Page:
Many studies have found that making just a few lifestyle changes—outside of food related changes, can help you live longer.

Have you ever heard of the Okinawa region? Well, it’s the largest island in the Ryukyu Islands in Japan as well as home to people that live a really, really long time.

While the average life expectancy in North America is 78.8 years, it’s 84 years old in Japan – and five times as many people from Okinawa live to be 100 years as their peers in the rest of the country. Researchers have studied the Okinawa’s residents for years, and the answer lies in the typical Okinawan diet, the islands’ attitude toward eating and their overall low stress lifestyle.

The Okinawans are not only selective in the types of foods they eat but in the manner in which they live as well. Researchers have found that their low-stress, simple and carefree lifestyle have greatly contributed to their unusually long life expectancy rates.

Many studies have found that making just a few lifestyle changes—outside of food related changes, can help you live longer.

Eat mindfully  These days there can be a tendency to eat while distracted and shovel in more food than we need and, at the same time, miss out on culinary pleasure. Many of us will benefit from eating mindfully. Some things to think about here are avoiding eating when distracted, eating more slowly, and taking time to taste food properly. One particular thing to focus on is chewing your food thoroughly – not only does this help us savour food, it also assists the digestive process.

Get plenty of sunshine Sunlight, and the vitamin D this can make in the skin, is associated with a wide spectrum of benefits for the body including a reduced risk of several forms of cancer, heart disease, multiple sclerosis and osteoporosis, as well as improved immune function.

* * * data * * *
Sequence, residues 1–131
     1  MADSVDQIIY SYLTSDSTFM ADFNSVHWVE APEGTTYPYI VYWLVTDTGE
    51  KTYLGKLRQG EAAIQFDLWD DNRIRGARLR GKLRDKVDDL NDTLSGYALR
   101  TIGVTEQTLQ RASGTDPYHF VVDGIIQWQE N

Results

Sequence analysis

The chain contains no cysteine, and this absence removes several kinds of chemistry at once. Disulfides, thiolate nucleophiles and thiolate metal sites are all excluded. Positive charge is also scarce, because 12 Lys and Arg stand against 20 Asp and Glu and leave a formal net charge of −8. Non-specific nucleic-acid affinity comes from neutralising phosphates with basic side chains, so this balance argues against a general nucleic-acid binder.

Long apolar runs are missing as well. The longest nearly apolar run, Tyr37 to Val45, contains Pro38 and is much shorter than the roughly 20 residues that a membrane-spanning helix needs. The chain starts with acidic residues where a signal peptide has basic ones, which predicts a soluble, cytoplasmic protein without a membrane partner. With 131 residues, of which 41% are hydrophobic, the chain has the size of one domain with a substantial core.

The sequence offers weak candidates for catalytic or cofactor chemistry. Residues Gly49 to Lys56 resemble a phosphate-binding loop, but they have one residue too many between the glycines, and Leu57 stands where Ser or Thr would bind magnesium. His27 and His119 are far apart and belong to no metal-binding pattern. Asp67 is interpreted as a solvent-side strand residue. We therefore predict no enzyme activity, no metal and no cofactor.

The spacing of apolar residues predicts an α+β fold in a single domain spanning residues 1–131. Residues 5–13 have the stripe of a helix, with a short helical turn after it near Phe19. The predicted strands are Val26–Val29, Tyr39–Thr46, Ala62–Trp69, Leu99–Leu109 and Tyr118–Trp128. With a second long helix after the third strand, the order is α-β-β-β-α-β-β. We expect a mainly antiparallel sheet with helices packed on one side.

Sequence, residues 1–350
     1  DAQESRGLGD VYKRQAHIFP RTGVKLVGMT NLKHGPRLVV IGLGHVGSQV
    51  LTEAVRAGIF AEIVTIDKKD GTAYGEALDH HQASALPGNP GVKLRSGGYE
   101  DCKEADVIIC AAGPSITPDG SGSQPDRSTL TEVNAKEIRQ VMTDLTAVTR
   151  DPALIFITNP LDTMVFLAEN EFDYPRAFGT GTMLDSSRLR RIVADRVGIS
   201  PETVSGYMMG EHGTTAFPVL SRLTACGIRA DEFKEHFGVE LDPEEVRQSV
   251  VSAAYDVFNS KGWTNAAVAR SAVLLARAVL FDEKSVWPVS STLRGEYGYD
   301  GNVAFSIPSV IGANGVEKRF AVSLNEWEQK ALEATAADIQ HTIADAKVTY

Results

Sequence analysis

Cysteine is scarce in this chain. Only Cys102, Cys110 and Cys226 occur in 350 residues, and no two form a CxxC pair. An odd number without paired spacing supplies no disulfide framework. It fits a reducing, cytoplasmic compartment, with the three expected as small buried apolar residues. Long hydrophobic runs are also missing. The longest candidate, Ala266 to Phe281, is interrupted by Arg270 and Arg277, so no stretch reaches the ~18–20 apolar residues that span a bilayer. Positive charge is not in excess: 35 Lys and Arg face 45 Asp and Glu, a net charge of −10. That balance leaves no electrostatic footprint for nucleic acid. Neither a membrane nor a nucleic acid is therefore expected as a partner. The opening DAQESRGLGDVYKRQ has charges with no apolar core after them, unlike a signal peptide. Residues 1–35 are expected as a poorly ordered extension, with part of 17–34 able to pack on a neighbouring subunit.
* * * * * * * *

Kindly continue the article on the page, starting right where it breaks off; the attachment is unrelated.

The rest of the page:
Practice random acts of kindness Have you ever been in the drive thru at Tim’s and when you finally reached the counter, you were pleasantly surprised to find that your order had been paid for? Random acts of kindness are good for givers and receivers alike. It could be a quick call or text to someone you care about or have lost touch with, or showing a fellow motorist some consideration, or giving up your seat on a train or bus, or buying someone lunch or giving a spontaneous bunch of flowers.

Practice gratitude Modern-day living tends to be aspirational and we can easily find ourselves chasing an ever-growing list of goals, many of which can be material. Some of us could do with spending more time focusing not on what we don’t have, but on what we do. Our mood can be lifted by giving thanks for anything from our friends and family to a beautiful landscape or sunset.